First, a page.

A same-sex marriage divorce is a challenging process—especially when children are involved. Since same-sex marriage and custodial laws are new and constantly changing, custody issues can be unpredictable without an experienced attorney. Same-sex parenting is also unique in that the law does not presume both parents to be the biological parents of the child. Below, our blog discusses what happens when both partners are legal parents and what happens when they’re not.
If both partners are legal parents, this means the law presumes both will have equal rights to visitation or custody. In this situation, child-related disputes will be handled just like any other divorce—the judge will consider a variety of factors to determine if your parenting plan is in the best interests of the child.
Both partners may be legal parents of the child if:
Unfortunately, California does not automatically grant non-biological and non-adoptive parents the right to maintain a parental relationship with their children. If you’re the non-adoptive parent or non-biological parent, you may still establish a parenting agreement with your ex spouse. The agreement will not make you a parent in the law’s eyes, but the courts sometimes allow parenting agreements to permit a non-parent to have custody or visitation with a child. A parenting agreement must state that both individuals consider themselves to be the parents of their child and that they accept all legal rights and responsibilities that come with being a parent. It should also explain that the legal parent waives their right to custody and control of the child and intends to co-parent equally with the other parent.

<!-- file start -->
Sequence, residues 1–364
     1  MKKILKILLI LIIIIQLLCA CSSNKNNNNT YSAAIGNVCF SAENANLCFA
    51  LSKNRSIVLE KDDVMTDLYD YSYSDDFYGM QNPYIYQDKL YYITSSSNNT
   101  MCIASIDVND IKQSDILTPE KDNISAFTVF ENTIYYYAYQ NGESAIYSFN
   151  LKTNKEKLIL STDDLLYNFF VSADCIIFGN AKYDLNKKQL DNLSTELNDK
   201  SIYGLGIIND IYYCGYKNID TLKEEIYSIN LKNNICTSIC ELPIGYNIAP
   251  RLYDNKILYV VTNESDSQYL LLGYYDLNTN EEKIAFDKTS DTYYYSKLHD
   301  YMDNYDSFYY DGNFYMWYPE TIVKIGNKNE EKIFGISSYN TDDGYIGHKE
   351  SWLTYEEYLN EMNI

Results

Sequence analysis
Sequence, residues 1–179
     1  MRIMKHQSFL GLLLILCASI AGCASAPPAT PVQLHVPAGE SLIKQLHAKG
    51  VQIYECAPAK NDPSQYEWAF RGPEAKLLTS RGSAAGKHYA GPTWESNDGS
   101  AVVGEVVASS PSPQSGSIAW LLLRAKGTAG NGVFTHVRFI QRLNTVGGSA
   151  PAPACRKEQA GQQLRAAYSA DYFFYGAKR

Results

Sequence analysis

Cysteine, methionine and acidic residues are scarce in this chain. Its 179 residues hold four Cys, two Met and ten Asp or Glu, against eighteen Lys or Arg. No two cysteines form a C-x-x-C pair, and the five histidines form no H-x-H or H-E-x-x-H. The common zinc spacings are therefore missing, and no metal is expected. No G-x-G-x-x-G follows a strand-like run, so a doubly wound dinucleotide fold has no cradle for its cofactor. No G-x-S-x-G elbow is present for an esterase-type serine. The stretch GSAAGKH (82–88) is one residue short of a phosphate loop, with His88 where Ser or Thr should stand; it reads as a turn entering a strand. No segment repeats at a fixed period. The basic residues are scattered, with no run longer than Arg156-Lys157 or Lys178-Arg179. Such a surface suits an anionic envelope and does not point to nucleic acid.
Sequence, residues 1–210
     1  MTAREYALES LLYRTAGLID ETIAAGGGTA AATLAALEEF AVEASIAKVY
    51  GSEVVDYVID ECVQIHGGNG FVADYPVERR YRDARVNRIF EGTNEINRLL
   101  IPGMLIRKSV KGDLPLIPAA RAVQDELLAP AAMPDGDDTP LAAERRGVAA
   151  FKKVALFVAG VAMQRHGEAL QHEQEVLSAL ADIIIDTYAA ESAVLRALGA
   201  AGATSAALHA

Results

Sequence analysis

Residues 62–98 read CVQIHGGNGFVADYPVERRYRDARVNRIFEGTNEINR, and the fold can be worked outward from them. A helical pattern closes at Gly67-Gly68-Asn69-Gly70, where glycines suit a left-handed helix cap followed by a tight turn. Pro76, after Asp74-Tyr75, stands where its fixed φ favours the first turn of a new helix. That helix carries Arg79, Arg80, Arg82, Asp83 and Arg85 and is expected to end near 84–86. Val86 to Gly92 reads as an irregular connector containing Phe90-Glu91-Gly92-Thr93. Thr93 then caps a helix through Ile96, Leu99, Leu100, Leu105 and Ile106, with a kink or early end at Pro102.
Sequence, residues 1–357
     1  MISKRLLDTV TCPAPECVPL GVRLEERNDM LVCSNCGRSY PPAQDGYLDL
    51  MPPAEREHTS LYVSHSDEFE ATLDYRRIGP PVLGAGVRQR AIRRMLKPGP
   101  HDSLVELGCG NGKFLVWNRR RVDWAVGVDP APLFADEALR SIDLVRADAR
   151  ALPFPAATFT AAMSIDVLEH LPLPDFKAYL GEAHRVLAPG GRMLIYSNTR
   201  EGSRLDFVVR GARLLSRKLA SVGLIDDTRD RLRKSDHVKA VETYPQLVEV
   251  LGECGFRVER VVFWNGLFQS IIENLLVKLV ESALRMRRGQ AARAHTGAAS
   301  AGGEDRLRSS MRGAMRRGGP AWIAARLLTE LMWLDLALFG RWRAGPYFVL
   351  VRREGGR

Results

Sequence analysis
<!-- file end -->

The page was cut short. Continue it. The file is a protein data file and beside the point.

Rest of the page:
The child custody attorneys at the Edgar & Dow are dedicated to the practice of family law and same-sex marriage matters. We have offices in Riverside, Temecula, Anaheim and Palm Desert. We are here to answer your questions and help you through this process to get the results you and your family deserve. Contact us today: (888) 251-9618!
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